Opinion / Opinion Line

Central bank rate cuts offset pressure on economic growth

(China Daily) Updated: 2015-05-12 07:46

Central bank rate cuts offset pressure on economic growth

An employee counts renminbi (yuan) banknotes at a bank in Lianyungang city, East China's Jiangsu province, June 4, 2014.[Photo/IC]

The People's Bank of China lowered the benchmark interest rates for both one-year loans and deposits by 0.25 percent from Monday, and raised the upper limit of the floating band of deposit interest rates. This is the third time the central bank has cut interest rates in the last six months. Comments:

China has to lower the actual interest rate by further cutting the nominal interest rate to maintain growth. However, this round of interest rate cuts should not be interpreted as a Chinese version of quantitative easing.

Ma Jun, chief economist of the research bureau of the People's Bank of China, May 10

The impact of the benchmark interest rate cut on credit growth will be positive but modest. We expect bank lending to remain constrained by the relatively weak demand for credit. Meanwhile, overall total social financing growth is coming down because of policy efforts to contain shadow banking and financial risks.

We expect the cut to offset some of the downward pressures on growth. We maintain our 2015 GDP growth forecast at 7.2 percent, expecting a gradual pickup in growth during the rest of the year on the back of the policy measures taken so far and some improvement in global demand.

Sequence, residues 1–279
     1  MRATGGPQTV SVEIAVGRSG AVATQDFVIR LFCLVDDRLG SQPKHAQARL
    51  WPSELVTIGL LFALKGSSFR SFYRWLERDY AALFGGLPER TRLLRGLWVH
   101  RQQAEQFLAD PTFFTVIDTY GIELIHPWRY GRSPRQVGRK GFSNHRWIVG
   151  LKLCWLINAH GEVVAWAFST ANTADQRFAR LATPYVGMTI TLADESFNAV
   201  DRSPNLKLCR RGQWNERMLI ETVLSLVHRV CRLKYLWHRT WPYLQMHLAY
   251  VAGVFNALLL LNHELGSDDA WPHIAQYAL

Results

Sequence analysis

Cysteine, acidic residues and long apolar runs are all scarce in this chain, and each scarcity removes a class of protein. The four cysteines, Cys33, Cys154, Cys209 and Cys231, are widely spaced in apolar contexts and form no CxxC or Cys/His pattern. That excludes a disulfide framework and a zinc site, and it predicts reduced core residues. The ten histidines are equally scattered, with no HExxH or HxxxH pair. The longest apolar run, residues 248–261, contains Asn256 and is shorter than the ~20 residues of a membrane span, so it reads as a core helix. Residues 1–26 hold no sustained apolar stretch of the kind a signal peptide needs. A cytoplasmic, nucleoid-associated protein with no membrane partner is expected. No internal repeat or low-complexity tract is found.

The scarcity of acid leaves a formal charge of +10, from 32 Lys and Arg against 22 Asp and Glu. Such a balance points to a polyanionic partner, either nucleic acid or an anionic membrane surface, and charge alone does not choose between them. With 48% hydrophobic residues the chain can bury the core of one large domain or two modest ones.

In combination with the rate cut, the PBOC also decided to expand the deposit rate ceiling from the current 130 percent of the benchmark deposit rate to 150 percent. This marks a further step towards interest rate liberalization, following the implementation of the deposit insurance system earlier this month. However, this is only one step toward an interest rate based monetary policy framework. And, given the downward pressures on growth, we do not think there is any appetite at the moment among policymakers to let interest rates take over from quantitative constraints as the key constraint on monetary conditions.

Louis Kuijs and Tiffany Qiu, economists with The Royal Bank of Scotland, May 11

The market did not echo the central bank's move as expected. The latter has now lowered interest rates three times, but the interbank lending rates, an essential index of the banking sector, remains floating from 4.5 to 4.77 percent. That means the adjustment of interest rates in the market is only about half of the nominal interest rate. The authorities also need to advance reforms, including financial, tax, and household registrations, to maintain steady growth.

Beijing News, May 11

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